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5 December 2013 11:26 am ,
Vol. 342 ,
Researchers have been hot on the trail of the elusive Denisovans, a type of ancient human known only by their DNA and...
Thousands of scientists in the Russian Academy of Sciences (RAS) are about to lose their jobs as a result of the...
Dyslexia, a learning disability that hinders reading, hasn't been associated with deficits in vision, hearing, or...
Exotic, elusive, and dangerous, snakes have fascinated humankind for millennia. They can be hard to find, yet their...
Researchers have sequenced and analyzed the first two snake genomes, which represent two evolutionary extremes. The...
Snake venoms are remarkably complex mixtures that can stun or kill prey within minutes. But more and more researchers...
At age 30, Dutch biologist Freek Vonk has built up a respectable career as a snake scientist. But in his home country,...
Since arriving on the island of Guam in the 1940s, the brown tree snake ( Boiga irregularis ) has extirpated native...
- 5 December 2013 11:26 am , Vol. 342 , #6163
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Draft House Bill Would Flat Fund NIH at $30.6 Billion
17 July 2012 5:36 pm
A draft spending bill released today by a House of Representatives subcommittee would give the National Institutes of Health (NIH) a flat budget of $30.6 billion in 2013. That matches the president's request and is $100 million below what Senate appropriators approved last month.
"Obviously we're disappointed that the number is flat," says David Moore of the Association of American Medical Colleges (AAMC) in Washington, D.C. It's not a surprise, however, because the House Appropriations Subcommittee on Labor, Health and Human Services, and Education had less overall money to work with than its Senate counterpart, he says. The subcommittee released the bill today and will vote on it tomorrow at 10:00 a.m.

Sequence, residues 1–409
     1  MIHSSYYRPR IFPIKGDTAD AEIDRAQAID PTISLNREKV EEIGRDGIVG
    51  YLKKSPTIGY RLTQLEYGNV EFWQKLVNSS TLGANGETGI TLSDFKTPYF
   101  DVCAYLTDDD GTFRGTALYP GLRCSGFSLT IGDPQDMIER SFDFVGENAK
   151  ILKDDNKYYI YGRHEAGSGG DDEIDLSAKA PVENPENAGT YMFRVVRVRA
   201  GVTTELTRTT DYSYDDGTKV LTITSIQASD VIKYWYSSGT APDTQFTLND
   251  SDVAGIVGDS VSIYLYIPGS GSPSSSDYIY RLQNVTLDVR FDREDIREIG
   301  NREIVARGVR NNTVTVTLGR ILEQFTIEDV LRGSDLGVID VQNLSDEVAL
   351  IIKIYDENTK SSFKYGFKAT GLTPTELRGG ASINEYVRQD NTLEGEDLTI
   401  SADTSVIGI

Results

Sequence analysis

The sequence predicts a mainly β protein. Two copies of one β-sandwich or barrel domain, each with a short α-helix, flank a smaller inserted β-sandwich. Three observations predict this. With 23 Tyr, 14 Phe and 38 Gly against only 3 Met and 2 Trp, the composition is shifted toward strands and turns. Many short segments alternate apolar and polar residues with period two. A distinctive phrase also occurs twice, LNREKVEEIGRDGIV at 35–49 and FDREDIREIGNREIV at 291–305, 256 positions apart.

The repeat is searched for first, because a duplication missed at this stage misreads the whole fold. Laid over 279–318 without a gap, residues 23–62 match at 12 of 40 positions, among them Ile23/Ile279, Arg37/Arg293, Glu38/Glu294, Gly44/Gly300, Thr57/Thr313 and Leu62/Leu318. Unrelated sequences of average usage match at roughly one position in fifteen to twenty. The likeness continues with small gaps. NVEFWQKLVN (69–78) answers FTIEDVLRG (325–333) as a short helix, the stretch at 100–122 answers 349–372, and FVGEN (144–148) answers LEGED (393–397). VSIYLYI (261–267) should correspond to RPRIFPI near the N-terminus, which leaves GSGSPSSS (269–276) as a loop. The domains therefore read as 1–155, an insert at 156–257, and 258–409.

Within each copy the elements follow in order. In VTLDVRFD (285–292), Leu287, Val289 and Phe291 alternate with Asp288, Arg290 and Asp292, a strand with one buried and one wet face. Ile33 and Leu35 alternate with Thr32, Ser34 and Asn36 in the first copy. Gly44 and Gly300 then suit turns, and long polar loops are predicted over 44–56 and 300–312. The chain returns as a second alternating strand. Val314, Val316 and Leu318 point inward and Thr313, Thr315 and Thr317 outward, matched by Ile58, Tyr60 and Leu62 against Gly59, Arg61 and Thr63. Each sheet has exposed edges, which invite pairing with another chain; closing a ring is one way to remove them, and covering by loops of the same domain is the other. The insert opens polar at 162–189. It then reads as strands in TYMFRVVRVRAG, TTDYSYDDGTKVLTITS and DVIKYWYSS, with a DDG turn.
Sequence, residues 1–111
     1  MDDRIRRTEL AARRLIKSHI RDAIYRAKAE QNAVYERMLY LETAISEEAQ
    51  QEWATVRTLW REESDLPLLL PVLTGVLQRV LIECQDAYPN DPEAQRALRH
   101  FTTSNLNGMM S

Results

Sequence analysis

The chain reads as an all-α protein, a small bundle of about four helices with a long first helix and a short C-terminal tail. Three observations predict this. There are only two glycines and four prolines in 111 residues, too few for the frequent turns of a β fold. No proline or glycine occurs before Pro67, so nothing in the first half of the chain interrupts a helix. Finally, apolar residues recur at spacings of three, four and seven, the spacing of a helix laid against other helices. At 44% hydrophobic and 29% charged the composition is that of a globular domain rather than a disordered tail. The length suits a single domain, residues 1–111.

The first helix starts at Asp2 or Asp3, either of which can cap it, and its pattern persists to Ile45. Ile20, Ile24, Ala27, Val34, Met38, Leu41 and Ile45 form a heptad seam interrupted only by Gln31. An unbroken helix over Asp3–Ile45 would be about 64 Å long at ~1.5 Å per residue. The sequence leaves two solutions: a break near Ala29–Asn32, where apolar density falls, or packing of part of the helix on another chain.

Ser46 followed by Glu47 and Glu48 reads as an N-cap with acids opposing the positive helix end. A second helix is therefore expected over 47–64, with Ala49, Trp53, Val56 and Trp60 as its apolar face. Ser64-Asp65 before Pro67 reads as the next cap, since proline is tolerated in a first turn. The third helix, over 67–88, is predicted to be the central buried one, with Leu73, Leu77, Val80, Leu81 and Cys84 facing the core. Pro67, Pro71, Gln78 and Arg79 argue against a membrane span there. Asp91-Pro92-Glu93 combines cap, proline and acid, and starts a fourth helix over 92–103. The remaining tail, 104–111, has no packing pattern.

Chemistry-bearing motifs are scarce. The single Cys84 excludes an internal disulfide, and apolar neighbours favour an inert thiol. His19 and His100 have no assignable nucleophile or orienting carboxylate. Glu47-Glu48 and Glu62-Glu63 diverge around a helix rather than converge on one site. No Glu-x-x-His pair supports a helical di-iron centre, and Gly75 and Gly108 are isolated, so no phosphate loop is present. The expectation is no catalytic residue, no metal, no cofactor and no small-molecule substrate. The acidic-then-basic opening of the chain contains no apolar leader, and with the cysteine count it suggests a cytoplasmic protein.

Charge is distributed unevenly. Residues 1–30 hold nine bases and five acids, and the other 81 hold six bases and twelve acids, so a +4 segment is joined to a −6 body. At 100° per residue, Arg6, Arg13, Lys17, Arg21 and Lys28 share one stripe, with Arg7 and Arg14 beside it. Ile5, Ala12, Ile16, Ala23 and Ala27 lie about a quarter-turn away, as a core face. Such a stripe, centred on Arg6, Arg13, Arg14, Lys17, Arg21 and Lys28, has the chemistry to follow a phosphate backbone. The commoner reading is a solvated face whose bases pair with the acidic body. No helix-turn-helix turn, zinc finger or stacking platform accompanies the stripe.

The bill would also give $376 million to the Institutional Development Awards programs, a $100 million increase over the current level. The Administration had wanted to cut $51 million from the program to help certain states become more competitive for NIH funding; the Senate bill would keep funding level.
The National Center for Advancing Translational Sciences would be flat funded at $574 million—$64 million less than the president's request. That center's Cures Acceleration Network would receive the same amount as this year, $10 million.
Moore says AAMC is also not happy with "prescriptive" language in the bill, such as a stipulation that NIH support 16,670 training grants. In tight fiscal times, the agency "needs more flexibility, not less," he says. And AAMC is concerned about the bill's proposal to cut the maximum salary that institutions can charge to NIH grants. Academic medical centers have already had to absorb a cut in the so-called salary cap passed by Congress last year, and the House figure is even lower. Overall, "there's not a lot of good news in the bill," Moore says.
The draft measure does offer some solace to those concerned about proposed changes to the National Children's Study, which will follow the health of 100,000 children from birth to age 21. It would give the study $175 million, an $18 million cut from this year but more than the $165 million requested by the president. The bill also puts a roadblock in NIH's controversial plan to revamp how pregnant women will be recruited for the study: NIH can make "no changes to the current design or Vanguard pilot structure until at least 90 days after the IOM [Institute of Medicine] conducts a review of the proposed changes and impact on the results."